Sociology Index

Welfare State

T.H. Marshall, distinguished among sociologists, described the modern welfare state as a necessary and desirable combination of welfare, democracy, and capitalism. The welfare state covers a variety of forms of economic and social organization, helping to reduce the income gap between the rich and poor. During the Great Depression, the welfare state was placed between the extremes of communism and unregulated laissez-faire capitalism.

In a welfare state government plays a key role in the protection and promotion of the economic and social health of its citizens. The welfare state is based on the principles of equality of opportunity, public responsibility and equitable distribution of wealth, for all those unable to avail themselves of the minimal provisions to lead a good life. Modern welfare states includes Sweden, Norway, Denmark, Iceland, and Finland which employ a system known as the Nordic model.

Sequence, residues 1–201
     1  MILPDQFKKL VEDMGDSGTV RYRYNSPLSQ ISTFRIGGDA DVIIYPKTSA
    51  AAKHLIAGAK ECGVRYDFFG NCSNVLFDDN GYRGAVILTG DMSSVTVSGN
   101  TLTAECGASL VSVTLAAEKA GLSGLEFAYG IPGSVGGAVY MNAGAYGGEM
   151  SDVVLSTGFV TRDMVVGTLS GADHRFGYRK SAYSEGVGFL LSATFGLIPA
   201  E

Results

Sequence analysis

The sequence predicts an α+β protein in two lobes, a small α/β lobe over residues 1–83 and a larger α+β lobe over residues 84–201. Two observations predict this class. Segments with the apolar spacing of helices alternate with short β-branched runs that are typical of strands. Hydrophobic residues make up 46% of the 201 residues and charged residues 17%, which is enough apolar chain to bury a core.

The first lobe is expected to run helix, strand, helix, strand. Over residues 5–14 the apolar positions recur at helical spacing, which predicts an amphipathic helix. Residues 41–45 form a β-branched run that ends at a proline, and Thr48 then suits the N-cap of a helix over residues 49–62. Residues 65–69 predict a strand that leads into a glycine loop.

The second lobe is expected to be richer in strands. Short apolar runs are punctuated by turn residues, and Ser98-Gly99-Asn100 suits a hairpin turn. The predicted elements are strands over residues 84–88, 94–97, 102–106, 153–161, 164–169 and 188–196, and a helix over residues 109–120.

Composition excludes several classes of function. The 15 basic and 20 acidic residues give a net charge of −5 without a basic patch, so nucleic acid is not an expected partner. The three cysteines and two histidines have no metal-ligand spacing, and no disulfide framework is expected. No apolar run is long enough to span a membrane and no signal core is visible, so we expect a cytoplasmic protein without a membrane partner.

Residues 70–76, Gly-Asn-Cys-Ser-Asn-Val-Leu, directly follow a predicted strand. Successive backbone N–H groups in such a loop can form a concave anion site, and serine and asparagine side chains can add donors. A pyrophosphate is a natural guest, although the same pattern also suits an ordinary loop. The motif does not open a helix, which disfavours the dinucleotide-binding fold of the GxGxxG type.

According to Esping-Andersen the most developed welfare state systems can be classified into three categories; Social Democratic, Conservative, and Liberal. Funded through redistributionist taxation referred to as a type of mixed economy. Such taxation applies a larger income tax for people with higher incomes called progressive taxation.

The welfare state involves transfer of funds from the state, to the services like healthcare and education, and also directly to individuals called benefits.